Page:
Miriam Fitzgerald Juskova is a visual artist originally from Slovakia, living in Ireland over 15 years, creating three-dimensional paper artwork.
Miriam graduated as a Furniture Designer and was always inspired by geometry and mathematics, subjects which run strongly in her family. Miriam’s work, also known as Paper On Edge, is based on an old traditional technique of paper quilling. By combining this with her passion for mathematics and geometry, she introduces a whole new visual art language.
Each piece is based on a specific mathematical relationship, symmetry or sequence, and usually based on basic platonic shapes. To create each finished artwork she spends hours designing, cutting, folding and gluing paper, in order to achieve the required depth and movement. She approaches the process with a mixture of curiosity and precision. Some pieces are created intuitively, while others are pre-designed with every single cut carefully measured. Colours and textures are architectonically brought alive, fusing mathematics and art together.
Maths and art may not seem like obvious bedfellows but artist Miriam Fitzgerald Juskova has developed her own unique style based on her love of art, design and geometry.
Colourful and geometric prints have been used in art and design for time immemorial, however, the Slovakian native’s 3D artworks have found a novel way to combine geometry with techniques based on the ancient craft of paper quilling.
resulting artworks are intricate, textured pieces with vibrant colour combinations that can light up a wall in your home.
The intersection of art and maths
With a father who used to paint and a mother and sister who both worked as maths teachers, it’s perhaps no surprise that these familial influences are reflected in Miriam’s work. The trained furniture designer has always gravitated to art that combines creativity, design and maths.
“It’s three-dimensional wall art that’s made entirely from paper,” says Miriam, when asked to describe her art. All the paper strips are hand-cut and folded into shapes that follow a certain mathematical order or geometrical pattern, using symmetry, rotation or sequence to bring those pieces together. What I want to achieve is movement. When you pass by it, you can see movement. From each angle, you can get different feelings or outcomes from the art piece. It’s based on a very old technique called paper quilling. Paper quilling is more about coils, curved shapes, and column shapes. I discovered that this technique helps me to express my love of geometry in a more artistic way.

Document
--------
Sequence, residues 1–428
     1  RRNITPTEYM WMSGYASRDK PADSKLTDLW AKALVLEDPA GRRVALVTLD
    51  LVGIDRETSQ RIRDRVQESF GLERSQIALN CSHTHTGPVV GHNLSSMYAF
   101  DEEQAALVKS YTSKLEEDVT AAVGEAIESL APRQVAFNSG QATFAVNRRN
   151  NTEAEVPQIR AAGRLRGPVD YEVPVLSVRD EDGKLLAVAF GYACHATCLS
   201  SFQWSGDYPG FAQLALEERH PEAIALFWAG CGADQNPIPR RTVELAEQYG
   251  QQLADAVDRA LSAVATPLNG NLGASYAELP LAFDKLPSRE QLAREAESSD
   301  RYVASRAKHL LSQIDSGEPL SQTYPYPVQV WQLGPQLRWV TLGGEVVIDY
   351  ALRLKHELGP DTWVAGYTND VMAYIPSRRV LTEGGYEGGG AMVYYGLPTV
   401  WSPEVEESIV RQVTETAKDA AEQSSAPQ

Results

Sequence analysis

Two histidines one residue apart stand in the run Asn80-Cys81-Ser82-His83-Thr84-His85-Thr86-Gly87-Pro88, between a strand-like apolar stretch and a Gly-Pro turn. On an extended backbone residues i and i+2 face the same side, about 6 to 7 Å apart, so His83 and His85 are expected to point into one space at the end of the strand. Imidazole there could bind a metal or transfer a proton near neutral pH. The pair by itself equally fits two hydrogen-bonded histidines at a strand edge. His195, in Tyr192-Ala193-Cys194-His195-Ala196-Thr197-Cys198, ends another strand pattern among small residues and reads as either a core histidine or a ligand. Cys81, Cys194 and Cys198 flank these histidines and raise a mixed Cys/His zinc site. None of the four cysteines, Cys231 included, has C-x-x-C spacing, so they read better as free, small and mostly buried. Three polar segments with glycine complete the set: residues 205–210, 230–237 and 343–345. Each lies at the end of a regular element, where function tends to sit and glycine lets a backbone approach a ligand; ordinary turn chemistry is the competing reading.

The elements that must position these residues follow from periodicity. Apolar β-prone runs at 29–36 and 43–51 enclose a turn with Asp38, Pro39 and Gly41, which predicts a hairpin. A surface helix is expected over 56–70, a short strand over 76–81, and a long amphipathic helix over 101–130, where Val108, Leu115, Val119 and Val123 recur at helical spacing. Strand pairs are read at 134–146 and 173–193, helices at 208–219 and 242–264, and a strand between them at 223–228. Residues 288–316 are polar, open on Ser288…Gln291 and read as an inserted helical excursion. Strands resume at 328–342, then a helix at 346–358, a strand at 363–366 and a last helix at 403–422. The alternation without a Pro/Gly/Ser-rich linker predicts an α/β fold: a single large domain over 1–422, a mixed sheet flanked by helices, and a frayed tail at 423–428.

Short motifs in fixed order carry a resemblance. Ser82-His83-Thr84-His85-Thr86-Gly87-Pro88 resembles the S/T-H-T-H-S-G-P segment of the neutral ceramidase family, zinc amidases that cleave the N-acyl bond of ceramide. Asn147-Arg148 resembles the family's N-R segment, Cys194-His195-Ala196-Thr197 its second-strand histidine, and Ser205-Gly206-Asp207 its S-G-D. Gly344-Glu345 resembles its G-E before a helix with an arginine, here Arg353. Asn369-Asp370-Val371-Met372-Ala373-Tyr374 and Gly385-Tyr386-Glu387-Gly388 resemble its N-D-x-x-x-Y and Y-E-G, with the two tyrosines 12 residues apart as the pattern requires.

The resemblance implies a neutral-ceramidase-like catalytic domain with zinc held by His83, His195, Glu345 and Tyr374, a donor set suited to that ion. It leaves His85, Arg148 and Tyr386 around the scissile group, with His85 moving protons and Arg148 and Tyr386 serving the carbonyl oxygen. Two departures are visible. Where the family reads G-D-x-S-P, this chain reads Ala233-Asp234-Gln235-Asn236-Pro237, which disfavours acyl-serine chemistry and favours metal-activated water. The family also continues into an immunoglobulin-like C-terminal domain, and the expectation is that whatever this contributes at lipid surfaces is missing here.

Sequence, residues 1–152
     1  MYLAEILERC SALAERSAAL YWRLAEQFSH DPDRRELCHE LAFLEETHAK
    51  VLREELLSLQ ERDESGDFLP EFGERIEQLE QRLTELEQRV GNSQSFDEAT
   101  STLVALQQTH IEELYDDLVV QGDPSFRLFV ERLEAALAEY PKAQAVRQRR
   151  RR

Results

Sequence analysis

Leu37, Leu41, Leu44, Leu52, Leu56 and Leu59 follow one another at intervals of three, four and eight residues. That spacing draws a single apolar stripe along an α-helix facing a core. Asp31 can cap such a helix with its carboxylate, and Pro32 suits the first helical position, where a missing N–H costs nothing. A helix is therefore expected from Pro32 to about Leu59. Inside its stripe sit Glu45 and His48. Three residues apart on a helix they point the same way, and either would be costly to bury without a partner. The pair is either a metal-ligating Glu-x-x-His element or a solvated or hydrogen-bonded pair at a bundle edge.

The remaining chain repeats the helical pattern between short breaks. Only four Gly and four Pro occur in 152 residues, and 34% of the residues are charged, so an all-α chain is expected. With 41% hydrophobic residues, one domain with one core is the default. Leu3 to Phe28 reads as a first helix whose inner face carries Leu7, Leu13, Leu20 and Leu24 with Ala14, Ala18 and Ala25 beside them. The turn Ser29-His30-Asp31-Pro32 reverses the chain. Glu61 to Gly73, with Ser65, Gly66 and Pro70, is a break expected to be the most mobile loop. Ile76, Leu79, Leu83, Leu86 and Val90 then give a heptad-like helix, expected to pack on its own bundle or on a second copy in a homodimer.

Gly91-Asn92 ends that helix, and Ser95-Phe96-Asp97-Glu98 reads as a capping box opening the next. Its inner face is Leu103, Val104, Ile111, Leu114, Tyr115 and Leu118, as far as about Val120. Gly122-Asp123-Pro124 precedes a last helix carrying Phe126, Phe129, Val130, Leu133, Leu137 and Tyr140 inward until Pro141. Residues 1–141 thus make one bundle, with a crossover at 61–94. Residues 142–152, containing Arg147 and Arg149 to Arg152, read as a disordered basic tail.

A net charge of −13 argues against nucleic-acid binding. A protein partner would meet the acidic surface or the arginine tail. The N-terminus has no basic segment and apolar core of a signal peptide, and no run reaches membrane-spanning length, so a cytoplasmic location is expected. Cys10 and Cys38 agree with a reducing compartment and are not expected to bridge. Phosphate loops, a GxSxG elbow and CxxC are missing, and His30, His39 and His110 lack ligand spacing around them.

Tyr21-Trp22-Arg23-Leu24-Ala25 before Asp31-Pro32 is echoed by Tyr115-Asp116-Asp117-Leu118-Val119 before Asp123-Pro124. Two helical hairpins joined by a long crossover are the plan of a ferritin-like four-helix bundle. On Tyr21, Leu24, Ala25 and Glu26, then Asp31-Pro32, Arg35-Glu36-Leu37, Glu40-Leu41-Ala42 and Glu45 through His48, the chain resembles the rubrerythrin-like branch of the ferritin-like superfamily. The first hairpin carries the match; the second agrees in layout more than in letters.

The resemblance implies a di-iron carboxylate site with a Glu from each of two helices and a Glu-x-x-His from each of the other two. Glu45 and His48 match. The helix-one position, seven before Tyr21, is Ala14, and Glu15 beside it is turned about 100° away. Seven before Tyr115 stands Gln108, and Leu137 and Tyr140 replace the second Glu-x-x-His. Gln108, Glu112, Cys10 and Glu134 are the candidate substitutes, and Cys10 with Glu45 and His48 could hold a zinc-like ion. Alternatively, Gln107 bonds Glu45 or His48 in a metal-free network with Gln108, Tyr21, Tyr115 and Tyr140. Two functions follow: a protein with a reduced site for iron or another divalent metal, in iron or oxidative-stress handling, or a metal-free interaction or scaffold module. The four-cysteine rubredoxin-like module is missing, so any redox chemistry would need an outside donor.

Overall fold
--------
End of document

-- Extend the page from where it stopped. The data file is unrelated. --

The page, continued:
Anyone who watched the film Mary, Queen of Scots will remember the scenes where Queen Elizabeth (Margot Robbie) curled long strips of paper to create intricate flower designs. Paper quilling has been around for at least 500 years but people like Miriam are bringing this traditional craft into the 21st Century.
Geometry and mandalas as art
As part of her work, Miriam has explored the traditions of sacred geometry, patterns in nature, and the concept that everything in life is organised – even if it appears chaotic. Many of her pieces are based on mandalas, which feature heavily in ancient cultures like Buddhism and are said to represent the cosmos. These spiritual or ritualistic designs are often used for meditation and Miriam’s work captures that sense of finding order in chaos.
“A lot of my work is based on geometry and mandalas. Even the mandalas themselves are based on shapes like a hexagon or a pentagon so there’s always a certain symmetry involved. Mandalas are mostly made by intuition. I would just dive in and go with the flow.”
When making mandalas, she starts out with a shape like a pentagon, heptagon or hexagon and works instinctively from there.
“When I start with a mandala, you have your colours chosen, your geometric shape, and then it’s basically just cutting shapes and going with the flow and using your intuition.
Although it’s an intuitive approach, it does require precision, measurement and detailed processes. Her larger pieces can take between 80 and 100 hours to complete.
Miriam met her Irish husband while they were both working in the US. The couple subsequently settled in Ireland, and Miriam combines her art career with raising three children and a day job.